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Michael Guillén: As someone who collects Chicano/a art, I chafe against those who seek to exclude Chicano/a art from the category of "high art", relegating it to some lower realm of popular folk art. I'm sure you're aware of this tiresome debate?
Annice Jacoby: In Santa Cruz, I was the editor of a magazine in which I published a giant article about the work of Eduardo Carrillo in one of the early issues entitled "What's Chicano About Chicano Arts?" Carrillo had done a lot of work around Santa Cruz, some of which had been vandalized and whitewashed, which brought up the question: "What is the difference between the public eradication of identity and a community deciding what's right for its walls?" At the core of that argument was this condescension you're referencing of high art / low art, which I hope Street Art San Francisco: Mission Muralismo will blow out of the water.
Guillén: I'm not so confident that condescension is going to be blown out of the water any time soon, though I do believe articulation against it is becoming more convincing, and Street Art San Francisco certainly champions the cause. Amalia Mesa-Bains is the cultural critic who most influenced me in realizing the importance of articulation and its role in convincing the critics and detractors of Chicano/a art that their dismissive definitions are misguided. Though it was something I knew in the back of my head, I hadn't quite formalized until reading Street Art San Francisco that the Mission's mural art has been—and is a continuing part of—a historical movement.
Jacoby: The book extends the invitation to view the whole impulse to work creatively in public and within the community as a movement that does not share the traditional hallmarks of how you define a movement—in the sense that you have an iterative style and an iterative theology of what art is—but, attacked it as outside of the sanctuary of the existing power structure. "Oh, the curator chose this." No, the community responds to it, in the sense that you have permission. In fact, the original title for the book was With and Without Permission. That is the organizing tension, the instrument, of how you decide what compels you to create something and share it with your community. It's also performative because a lot of this is done in public. Watching someone have the audacity to transform their community with a message towards beautification—or a tyrannizing message that has a lot of politics in it—that nerve is where the excitement is that's alive.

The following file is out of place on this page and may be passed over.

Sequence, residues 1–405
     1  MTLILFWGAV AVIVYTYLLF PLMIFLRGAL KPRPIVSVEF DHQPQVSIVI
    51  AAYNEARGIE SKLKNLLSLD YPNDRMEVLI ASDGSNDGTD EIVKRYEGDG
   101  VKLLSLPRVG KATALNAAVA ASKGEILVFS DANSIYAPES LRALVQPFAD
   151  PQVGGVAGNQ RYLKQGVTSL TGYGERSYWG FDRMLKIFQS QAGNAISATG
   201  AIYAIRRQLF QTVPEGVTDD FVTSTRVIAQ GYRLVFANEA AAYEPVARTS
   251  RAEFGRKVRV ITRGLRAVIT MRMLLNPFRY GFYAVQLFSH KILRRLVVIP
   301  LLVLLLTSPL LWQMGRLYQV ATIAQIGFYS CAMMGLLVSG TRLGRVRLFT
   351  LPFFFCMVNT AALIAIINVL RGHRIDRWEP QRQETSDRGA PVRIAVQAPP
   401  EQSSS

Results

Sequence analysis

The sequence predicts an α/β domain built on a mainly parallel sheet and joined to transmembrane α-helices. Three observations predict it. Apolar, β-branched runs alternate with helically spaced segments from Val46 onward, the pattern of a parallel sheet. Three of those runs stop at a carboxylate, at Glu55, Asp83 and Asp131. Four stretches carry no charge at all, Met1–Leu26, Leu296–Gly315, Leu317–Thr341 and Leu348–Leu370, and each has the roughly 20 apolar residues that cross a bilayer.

Guillén: I would argue that there is a longstanding heritage of that impulse, of that "organizing tension" as you say. Mayan public art—their architecture, their monumental sculpture, their murals, their portable objects—inscripted not only the political charter of an elite ruling class, but provided for the expressed concerns of the so-called masses. One can only theorize in looking back at what the Maya considered the essential purpose of their art.